As stated previously, using space norms should only be used as the first step to give you an indicator over how well your current space – whether this be teaching space, offices, laboratories etc, is being used. Space norms should not be used, as the hard rule, forcing spaces to become a certain capacity as there will be instances where there is not feasible or unsuitable, due to the room shape/design or teaching space demands. They do however provide a simple tool for highlighting areas that may be be underutilised (or overcrowded) due to capacity issues, these can then be investigated further to determine whether the capacities can be adjusted helping to improve utilisation (or reduce overcrowding).
The most useful tool for determining whether a rooms capacity reflects what can be achieved from the room, is to use design software to created a scaled drawing each room and its furniture, similar to that shown in Example A and B i.e. using AutoCAD. This is a great tool to plan current space, as you can measure and plot existing furniture/equipment into the scaled drawing and easily move furniture/add furniture within the drawing to create a configuration that best suits the room and maximises the capacity. Likewise this also a great tool for planning space, whether it be a new build, a refurbishment or just new furniture/equipment as the majority of furniture suppliers can provide you with furniture blocks that allow you to drop their furniture into the scaled version of your room and create different layouts/configurations to see what works best, all from the comfort of your desk. A good example of furniture blocks, is those provided by Steelcase and their Node chair .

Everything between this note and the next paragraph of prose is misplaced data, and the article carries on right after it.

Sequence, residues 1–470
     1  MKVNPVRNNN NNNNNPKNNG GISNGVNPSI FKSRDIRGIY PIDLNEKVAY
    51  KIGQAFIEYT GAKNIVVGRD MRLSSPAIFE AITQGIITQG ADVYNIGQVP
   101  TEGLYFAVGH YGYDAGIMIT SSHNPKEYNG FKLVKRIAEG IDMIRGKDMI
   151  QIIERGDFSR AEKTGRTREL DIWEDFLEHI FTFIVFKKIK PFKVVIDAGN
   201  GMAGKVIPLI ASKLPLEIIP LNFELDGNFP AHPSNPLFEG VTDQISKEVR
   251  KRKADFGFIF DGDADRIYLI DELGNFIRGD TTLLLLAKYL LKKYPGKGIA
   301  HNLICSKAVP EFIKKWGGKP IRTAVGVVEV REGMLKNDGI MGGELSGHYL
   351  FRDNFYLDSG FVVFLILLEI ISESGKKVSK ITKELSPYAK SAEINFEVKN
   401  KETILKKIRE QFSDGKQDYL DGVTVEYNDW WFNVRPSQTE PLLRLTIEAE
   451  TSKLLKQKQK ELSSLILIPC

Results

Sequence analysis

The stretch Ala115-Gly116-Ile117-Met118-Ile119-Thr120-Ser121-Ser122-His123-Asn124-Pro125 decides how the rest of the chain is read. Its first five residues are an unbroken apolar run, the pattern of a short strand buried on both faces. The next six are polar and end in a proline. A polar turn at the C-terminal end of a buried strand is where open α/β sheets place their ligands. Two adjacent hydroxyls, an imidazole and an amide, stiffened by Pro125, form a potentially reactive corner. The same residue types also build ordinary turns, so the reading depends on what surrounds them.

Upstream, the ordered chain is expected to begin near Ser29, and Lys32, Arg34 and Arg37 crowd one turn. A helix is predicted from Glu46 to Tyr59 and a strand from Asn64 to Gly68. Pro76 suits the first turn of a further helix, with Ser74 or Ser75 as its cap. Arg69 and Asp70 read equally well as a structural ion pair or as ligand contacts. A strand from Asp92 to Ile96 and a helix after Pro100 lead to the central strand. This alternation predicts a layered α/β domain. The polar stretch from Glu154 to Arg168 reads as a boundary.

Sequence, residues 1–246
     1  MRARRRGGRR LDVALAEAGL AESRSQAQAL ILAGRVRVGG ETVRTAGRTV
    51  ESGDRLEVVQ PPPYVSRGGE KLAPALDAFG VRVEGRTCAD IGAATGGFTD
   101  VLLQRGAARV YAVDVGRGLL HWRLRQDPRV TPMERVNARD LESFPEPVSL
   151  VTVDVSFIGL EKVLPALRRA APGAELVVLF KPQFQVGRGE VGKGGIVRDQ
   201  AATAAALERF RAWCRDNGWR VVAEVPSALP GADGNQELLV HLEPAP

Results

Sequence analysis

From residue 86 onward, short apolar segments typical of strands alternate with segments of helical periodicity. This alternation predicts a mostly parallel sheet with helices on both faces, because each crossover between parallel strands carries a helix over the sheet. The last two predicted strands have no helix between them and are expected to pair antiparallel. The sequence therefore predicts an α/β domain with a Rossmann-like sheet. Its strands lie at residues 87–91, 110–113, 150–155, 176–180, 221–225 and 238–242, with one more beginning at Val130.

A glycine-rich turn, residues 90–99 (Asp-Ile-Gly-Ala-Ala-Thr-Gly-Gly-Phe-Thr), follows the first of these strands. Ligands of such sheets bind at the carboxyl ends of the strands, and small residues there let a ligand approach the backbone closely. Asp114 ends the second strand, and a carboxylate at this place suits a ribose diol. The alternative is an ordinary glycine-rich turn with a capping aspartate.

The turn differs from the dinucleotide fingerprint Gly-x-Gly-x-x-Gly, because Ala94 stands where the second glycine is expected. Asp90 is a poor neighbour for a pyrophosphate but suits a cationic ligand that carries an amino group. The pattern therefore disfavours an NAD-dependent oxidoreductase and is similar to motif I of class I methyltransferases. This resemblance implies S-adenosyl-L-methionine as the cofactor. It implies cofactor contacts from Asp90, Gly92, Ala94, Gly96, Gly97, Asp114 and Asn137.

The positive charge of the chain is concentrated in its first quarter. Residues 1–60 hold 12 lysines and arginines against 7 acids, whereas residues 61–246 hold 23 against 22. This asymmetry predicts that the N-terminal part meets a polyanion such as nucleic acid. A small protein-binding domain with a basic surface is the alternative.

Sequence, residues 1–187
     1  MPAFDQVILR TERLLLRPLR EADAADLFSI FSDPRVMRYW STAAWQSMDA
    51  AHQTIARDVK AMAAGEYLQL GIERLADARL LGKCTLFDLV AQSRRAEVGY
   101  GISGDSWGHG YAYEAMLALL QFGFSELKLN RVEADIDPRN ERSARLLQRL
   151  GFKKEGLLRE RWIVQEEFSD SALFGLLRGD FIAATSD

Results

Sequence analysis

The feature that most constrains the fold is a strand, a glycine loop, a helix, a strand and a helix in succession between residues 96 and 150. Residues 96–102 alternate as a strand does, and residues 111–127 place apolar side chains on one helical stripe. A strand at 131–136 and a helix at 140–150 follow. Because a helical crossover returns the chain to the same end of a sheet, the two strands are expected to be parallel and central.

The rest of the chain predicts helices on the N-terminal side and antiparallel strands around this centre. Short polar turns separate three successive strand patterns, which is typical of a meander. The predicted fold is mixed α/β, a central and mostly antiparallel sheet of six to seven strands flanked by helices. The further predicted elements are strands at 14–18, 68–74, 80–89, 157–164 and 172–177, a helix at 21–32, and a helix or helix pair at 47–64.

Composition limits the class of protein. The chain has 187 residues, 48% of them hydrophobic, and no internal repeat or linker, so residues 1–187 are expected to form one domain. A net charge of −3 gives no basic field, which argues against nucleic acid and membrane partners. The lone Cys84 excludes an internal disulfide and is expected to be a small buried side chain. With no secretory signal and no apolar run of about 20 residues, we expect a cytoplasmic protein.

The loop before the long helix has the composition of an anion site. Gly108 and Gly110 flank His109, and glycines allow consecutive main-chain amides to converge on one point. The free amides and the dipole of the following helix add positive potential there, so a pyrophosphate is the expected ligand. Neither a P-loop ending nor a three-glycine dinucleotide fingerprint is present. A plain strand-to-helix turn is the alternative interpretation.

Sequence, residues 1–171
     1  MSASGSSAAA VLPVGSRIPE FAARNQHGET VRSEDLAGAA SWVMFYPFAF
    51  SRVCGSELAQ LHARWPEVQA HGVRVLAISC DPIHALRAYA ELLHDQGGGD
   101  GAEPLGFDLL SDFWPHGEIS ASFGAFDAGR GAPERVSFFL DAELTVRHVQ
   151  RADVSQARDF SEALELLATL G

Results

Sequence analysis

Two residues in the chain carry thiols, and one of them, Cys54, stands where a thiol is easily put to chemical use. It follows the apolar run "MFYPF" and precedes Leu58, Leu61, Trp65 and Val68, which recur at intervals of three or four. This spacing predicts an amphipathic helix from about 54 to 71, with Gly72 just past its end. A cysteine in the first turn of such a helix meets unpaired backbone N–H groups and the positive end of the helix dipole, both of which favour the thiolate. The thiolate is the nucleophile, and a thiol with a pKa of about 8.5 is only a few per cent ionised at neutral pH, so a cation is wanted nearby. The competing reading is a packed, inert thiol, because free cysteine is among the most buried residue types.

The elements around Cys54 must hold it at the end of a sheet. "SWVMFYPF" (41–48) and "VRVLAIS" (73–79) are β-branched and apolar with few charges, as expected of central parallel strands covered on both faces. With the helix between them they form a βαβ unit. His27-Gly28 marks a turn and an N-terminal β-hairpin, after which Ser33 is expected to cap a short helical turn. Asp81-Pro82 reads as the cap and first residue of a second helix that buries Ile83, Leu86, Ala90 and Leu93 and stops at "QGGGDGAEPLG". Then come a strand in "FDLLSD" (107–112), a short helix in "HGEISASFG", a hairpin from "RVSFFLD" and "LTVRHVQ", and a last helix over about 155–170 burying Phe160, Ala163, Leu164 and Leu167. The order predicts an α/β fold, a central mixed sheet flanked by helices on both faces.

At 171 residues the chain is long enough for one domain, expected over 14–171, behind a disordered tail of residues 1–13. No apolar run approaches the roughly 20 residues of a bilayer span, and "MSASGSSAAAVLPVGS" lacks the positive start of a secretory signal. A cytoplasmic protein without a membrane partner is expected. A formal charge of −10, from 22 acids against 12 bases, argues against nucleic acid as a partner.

The downfall is that creating individual drawings for every or a selected number of spaces is time consuming, as furniture/equipment needs to be measured and plotted, however it is the most effective way to ensure that your institution is getting the most out of its current and future space and is a particularly attractive tool for managing office and teaching space, as these spaces typically require regular upgrades/layout changes which can then all be done so via your AutoCAD designed room and furniture/equipment drawings.
The bottom line, is that by getting a handle on your room capacities and ensuring you are are getting the most out of each space you will save you money, as you can either dispose of space that isn’t needed or put it to better use. If you would like to do this, but don’t have the time and/or feel you would prefer some assistance, Education Space Consultancy can provide both the space norm analysis and AutoCAD space plans at an affordable price, whether this be on a small or large scale so please don’t hesitate to get in contact if you think this is something you may be interested in.
So what do you think? Do you have any thoughts, suggestions or tips you would like to add or any questions? Let me and others know via the comments box at the bottom of this article or get in touch with me directly, it would be great to here from you and I would be very interested to discuss this topic further.
All the best